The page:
In differential calculus, related rates problems involve finding a rate at which a quantity changes by relating that quantity to other quantities whose rates of change are known. The rate of change is usually with respect to time. Because science and engineering often relate quantities to each other, the methods of related rates have broad applications in these fields. Differentiation with respect to time or one of the other variables requires application of the chain rule, since most problems involve several variables. ( Wikipedia)
Suggested prerequisites: Basic differentiation including the power rule, chain rule, and implicit differentiation. Familiarity with fundamental relationships between components of geometric figures like triangles, circles, rectangles, cones, and spheres.
Many students have difficulty with developing a mathematical model for a related rate problem. Some of the difficulty stems from a lack of geometric visualization skills so that the written description of how things change over time can be translated into an algebraic form. An animation of changes over time can help students focus on salient features of the geometric figure involved and hence provide an opportunity to algebraically relate the changing portions of the figure. With this in mind we have developed a some animations that illustrate a variety of standard related rate situations.
An outline of the general approach to setting up related rate models. The steps list below are really interrelated and are ordered merely as a guide so students have a starting point for aspects of the solution process. The steps involved are illustrated with several examples. We then provide a collection of statements of related rate problems together with visual demos that can be used within a lecture or assigned for students to use for practice. We expect the user is to supply the algebra and calculus to accompany the situation.
Outline of steps in a related rate problem.
We present several examples of situations that employ related rates to solve a problem. The way the situation is stated will help set up steps like those suggested above.
Example 1. A spherical balloon is being inflated with a gas at the constant rate of 4 in^{3}/sec . Determine the rate of change of the radius of the sphere. The figure below shows frames from an animation where have we inserted the radii. (The animation can be viewed by clicking the link Inflating a Sphere .)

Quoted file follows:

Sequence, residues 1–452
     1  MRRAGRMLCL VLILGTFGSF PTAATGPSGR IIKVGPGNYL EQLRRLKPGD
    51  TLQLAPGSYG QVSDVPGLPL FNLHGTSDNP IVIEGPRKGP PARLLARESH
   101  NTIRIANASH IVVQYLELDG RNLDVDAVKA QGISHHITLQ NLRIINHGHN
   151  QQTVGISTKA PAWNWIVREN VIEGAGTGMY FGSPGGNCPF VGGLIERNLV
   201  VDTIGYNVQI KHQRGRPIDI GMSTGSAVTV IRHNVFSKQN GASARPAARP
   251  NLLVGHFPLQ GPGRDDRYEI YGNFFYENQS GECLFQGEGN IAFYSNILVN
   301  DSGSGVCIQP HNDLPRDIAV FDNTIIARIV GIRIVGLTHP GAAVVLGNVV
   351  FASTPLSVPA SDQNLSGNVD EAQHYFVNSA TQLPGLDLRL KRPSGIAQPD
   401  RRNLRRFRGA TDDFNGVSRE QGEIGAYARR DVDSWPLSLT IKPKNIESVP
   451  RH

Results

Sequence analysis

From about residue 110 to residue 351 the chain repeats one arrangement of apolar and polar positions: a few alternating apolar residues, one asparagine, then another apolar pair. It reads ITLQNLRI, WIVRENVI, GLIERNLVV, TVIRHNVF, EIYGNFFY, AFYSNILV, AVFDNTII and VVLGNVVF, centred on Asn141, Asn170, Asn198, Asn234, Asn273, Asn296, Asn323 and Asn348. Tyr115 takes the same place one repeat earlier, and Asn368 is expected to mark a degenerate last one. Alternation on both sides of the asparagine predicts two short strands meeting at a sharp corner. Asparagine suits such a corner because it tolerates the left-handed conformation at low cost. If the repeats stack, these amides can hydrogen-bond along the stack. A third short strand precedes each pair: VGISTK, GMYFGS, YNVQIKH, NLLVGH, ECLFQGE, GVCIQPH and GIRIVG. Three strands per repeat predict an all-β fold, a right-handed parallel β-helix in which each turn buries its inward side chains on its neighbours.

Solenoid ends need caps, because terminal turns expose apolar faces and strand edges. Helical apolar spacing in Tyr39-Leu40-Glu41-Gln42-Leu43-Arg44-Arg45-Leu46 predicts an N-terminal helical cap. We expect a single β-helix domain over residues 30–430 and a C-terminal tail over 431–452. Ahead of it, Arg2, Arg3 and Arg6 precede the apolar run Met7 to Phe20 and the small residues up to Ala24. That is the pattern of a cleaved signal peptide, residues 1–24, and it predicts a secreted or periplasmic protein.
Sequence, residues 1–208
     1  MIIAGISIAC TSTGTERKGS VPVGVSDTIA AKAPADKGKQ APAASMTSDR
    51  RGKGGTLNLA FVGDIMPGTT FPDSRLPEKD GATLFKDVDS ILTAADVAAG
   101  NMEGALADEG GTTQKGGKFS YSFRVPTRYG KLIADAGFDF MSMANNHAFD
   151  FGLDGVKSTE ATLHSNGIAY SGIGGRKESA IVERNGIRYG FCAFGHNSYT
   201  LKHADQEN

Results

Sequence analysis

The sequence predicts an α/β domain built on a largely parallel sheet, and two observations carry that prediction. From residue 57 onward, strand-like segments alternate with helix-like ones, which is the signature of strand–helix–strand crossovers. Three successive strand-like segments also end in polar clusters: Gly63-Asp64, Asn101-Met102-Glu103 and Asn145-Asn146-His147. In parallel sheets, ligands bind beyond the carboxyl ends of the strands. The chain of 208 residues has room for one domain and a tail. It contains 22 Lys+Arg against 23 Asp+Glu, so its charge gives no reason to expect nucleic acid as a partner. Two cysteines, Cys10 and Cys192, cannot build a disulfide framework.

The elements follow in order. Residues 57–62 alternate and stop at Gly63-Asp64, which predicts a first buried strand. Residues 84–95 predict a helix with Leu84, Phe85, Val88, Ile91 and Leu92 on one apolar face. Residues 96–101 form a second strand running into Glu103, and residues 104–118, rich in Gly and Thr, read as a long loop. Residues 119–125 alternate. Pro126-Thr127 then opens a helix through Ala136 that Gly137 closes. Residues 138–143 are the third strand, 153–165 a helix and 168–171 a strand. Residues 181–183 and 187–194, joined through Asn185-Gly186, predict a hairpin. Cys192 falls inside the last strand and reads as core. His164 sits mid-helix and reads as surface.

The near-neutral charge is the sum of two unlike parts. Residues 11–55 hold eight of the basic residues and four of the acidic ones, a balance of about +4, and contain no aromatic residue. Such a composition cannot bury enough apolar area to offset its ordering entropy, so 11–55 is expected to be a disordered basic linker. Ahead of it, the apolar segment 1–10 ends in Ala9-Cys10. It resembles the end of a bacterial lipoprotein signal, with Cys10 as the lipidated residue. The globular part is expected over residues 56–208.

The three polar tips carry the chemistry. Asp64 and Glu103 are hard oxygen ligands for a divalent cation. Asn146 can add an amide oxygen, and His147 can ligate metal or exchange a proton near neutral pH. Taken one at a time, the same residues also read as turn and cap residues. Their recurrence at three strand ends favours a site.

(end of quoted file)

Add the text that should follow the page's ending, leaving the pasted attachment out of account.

The figure displays that the radius of the sphere changes as the gas is pumped into the sphere. Both the volume and the radius of the sphere change as time goes on. For a formula for connecting these two features, V(t) and r(t), we can use the formula for the volume of a sphere as shown in the following equation:
\[V(t) = \Large \frac{4}{3}\Large \pi \ (r(t))^3 \]
The next step is to differentiate this equation. We must use implicit differentiation with respect to t.
$$\Large\frac{dV}{dt} = \Large\frac{4}{3}\Large \ \pi \ \Large \frac{d(r(t))^3}{dt}$$
The result of the differentiation is \[\Large \frac{dV}{dt} = \Large 4\Large \pi \ \Large(r(t))^2 \ \frac{d(r(t))}{dt}\]
Recall that the spherical balloon is being inflated with a gas at the constant rate of 4 in^{3}/sec so \(\Large \frac{dV}{dt}\) is a constant. Solving for \(\Large \frac{d(r(t))}{dt}\) and simplifying we obtain the rate of change of the radius of the balloon which is $$\Large\frac{d(r(t))}{dt}=\Large \frac{\Large 1 }{\pi r(t)^2} $$
When the radius is 5.5 in then the instantaneous rate of change of the radius is computed as \[\Large r^{'}(t) =\Large \frac{d(r(t))}{dt}=\Large \frac{\Large 1 }{\pi (5.5)^2} = 0.0152 \textit{ in/sec}\]
As the sphere enlarges the rate of change of the radius deceases rather quickly as shown in the table of ordered pairs and the corresponding graph below.
\[ \begin{array}{|c|c|} \hline \bf{Radius} & \mathbf{\Large {\frac{d(r(t))}{dt} }} \\ \hline \text{1} & \text{0.3183} \\ \hline \text{1.5} & \text{0.1415} \\ \hline \text{2} & \text{0.0796} \\ \hline \text{2.5} & \text{0.0509} \\ \hline \text{3} & \text{0.0354} \\ \hline \text{3.5} & \text{0.0260}\\ \hline \end{array} \] |
We focused on the radius of the balloon, but a related aspect is its surface area. The surface area, \(\large S(t)\), of a sphere increases quickly as the radius increases and the balloon inflates. The formula for S(t) is
\[\Large S(t) = 4 \ \Large \pi \ \Large (r(t))^2\]
and the formula for the rate of change of the surface area, \(\Large \frac{dS(t)}{dt}\), is
\[\Large \frac{dS(t)}{dt} = 8 \ \Large \pi \ r(t) \Large \frac{dr(t)}{dt}\]
It is instructive to compute the surface area S(t) and the rate of change of S(t) for the balloon.. The surface area increases quickly while its rate of change decreases rapidly. The following sets of ordered pairs indicates this behavior.
\[ \begin{array}{|c|c|} \hline \text{Radius} & S(t) \\ \hline \text{1} & \text{12.5664} \\ \hline \text{1.5} & \text{28.2743} \\ \hline \text{2} & \text{50.2655} \\ \hline \text{2.5} & \text{78.5398} \\ \hline \text{3} & \text{113.0973} \\ \hline \text{3.5} & \text{153.9380}\\ \hline \end{array} \] | \[ \begin{array}{|c|c|} \hline \text{Radius} & \Large {\frac{dS(t)}{dt} } \\ \hline \text{1} & \text{8} \\ \hline \text{1.5} & \text{5.3333} \\ \hline \text{2} & \text{4} \\ \hline \text{2.5} & \text{3.2} \\ \hline \text{3} & \text{2.6667} \\ \hline \text{3.5} & \text{2.2857}\\ \hline \end{array} \] |